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SIC - Free Tyre Check - 22 Nov 2019

Scottish Independence Debate / Carmichael: a federal UK is inevitable

Alistair Carmichael MP

ALISTAIR Carmichael, the secretary of state for Scotland and northern isles MP, has said Thursday’s independence referendum has put the UK on the road to becoming a federal state within the next few years.

Less than 24 hours after the Scottish electorate voted 55-45 against independence, Carmichael told Shetland News that new powers to raise taxes and distribute welfare would be devolved to the Scottish Parliament after the general election next May.

This, he said, would unlock the key to a federal UK as it would create a constitutional imbalance between Scotland and the rest of Britain that would have to be addressed.

“When you have Murdo Fraser from the Conservatives on one side and Gordon Brown on the other saying the logical conclusion on the constitutional path we now travel is a federal UK you have to think this is an idea whose time has come,” he said.

Carmichael dismissed comments by Scottish first minister Alex Salmond during his resignation speech on Friday afternoon that the “vow” to devolve greater powers was already unravelling.

Salmond’s comments were in response to a disagreement that day between prime minister David Cameron and Labour leader Ed Miliband over devolving more powers to the other three British nations as well as Scotland, and concerns the promised timetable for reform remained unpublished on Friday night despite a promise to do so.

Carmichael also said that the mechanism to “hard wire” greater powers for the Scottish island councils within national government were already “in train”.

Speaking on Friday evening, the 49 year old Liberal Democrat said that the referendum campaign had been the most powerful emotional experience he had been through since he began campaigning for the Liberal Party when he was just 13.

“I have never before been in a campaign where literally my country was at stake and that brings with it quite a remarkable degree of emotion,” he said.

He said he and others had been warned by Canadians involved in the campaign for independence in Quebec that the last few weeks especially would have an emotional intensity he had never experienced.

“We smiled and nodded and thought not us, but they were right,” he said, adding that he had friends who had gone without sleep for days in the build up to the vote.

Now the Scottish people have chosen to stay within the UK and the major political parties in Westminster have pledged to devolve greater powers to Holyrood, he said the UK was inevitably heading towards federalism.

“As somebody who has always believed in a federal UK because that seemed to be the most sensible way of redefining the political unit that we have, I have got an opportunity to deliver exactly that,” he said.

The three major parties would arrive at a consensus over devolution that would have to be implemented immediately after the May general election as it would be in all three major parties’ manifestos, he said.

“There will probably be people on the back benches who won’t like this, but you can’t stop something which is in all the manifestos of the three parties, which is why we will get it through the House of Lords as well.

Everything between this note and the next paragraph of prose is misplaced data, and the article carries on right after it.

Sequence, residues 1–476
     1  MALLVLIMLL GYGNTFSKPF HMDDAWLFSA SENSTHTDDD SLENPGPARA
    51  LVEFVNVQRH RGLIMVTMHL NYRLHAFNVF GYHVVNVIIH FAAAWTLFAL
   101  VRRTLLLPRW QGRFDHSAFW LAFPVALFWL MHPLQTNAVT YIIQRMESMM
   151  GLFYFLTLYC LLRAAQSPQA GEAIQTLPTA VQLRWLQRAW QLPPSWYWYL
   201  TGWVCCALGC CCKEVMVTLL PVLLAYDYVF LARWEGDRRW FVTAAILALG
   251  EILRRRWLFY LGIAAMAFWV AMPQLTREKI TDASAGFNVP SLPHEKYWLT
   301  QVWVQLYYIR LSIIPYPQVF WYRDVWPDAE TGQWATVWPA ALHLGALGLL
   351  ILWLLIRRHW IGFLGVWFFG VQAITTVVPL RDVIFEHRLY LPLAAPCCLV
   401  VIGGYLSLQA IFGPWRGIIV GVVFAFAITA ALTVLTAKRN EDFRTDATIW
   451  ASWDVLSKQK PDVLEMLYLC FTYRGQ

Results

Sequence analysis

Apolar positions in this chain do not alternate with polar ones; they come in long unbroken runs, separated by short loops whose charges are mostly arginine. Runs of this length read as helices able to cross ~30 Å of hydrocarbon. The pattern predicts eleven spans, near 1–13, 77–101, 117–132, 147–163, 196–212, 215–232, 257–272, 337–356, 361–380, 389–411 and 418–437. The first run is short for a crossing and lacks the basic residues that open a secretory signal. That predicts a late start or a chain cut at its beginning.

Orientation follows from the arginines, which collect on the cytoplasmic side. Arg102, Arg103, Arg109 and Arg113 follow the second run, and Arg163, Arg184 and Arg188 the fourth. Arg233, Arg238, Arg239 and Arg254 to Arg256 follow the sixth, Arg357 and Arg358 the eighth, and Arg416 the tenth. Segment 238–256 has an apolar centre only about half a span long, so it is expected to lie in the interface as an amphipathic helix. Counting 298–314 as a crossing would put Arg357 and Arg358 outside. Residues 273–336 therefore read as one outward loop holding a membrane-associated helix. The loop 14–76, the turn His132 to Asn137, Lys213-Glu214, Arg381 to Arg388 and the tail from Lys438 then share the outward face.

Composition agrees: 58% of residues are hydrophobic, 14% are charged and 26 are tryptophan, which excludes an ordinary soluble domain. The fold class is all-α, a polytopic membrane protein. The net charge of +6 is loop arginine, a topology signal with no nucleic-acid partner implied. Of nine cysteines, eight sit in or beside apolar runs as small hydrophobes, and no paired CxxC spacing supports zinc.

“We will ultimately finish the job of devolving tax raising and welfare powers to the Scottish Parliament and that will create a disparity between the government in Scotland and the rest of the UK, especially England, which is the only unreformed part of the UK.

“You would then have an inevitable process, which David Cameron himself identified today, leading to reform in England.

“So there is the opportunity for radical constitutional reform that will ultimately finish the job of devolving powers to the Scottish Parliament that will unlock the key to a federal UK.”

Carmichael added that the English were more than ready for having a debate on constitutional reform as a result of witnessing the experience in Scotland.

“I am married to an English woman so I have relatives across England and I can tell you that they are up for that debate in a way I have never known before. It’s a debate that’s actually happening.”

Meanwhile any suggestion of Shetland becoming a Crown dependency like the Isle of Man, as Carmichael suggested immediately prior to Thursday’s vote, appears to have evaporated.

Instead he has already started implementing the Framework for the Islands he launched in August in response to the Our Islands Our Future campaign by the three island councils.

The Framework promised to “island proof” legislation before it was passed, to provide a dedicated “desk officer” in the Scotland Office and greater representation in Europe.

It also invited the islands to have representative on the Scottish Business Board and the PILOT forum where the government meets the oil industry.

Carmichael said that the island councils had been benefitting from a dedicated desk officer at the Scotland Office since last November and steps were now being taken to provide the European representation and the position on the PILOT forum.

However he said the greatest strength of the Framework was that its agenda was controlled by the island councils themselves, and not by the government.

“All the structures are there for the island councils to use and it’s up to the councils themselves how they use them.

“But the Framework has been designed in such a way that the Scotland Office or the UK government can’t walk away from this. The only people who can allow them to walk away from this are the islands councils themselves.”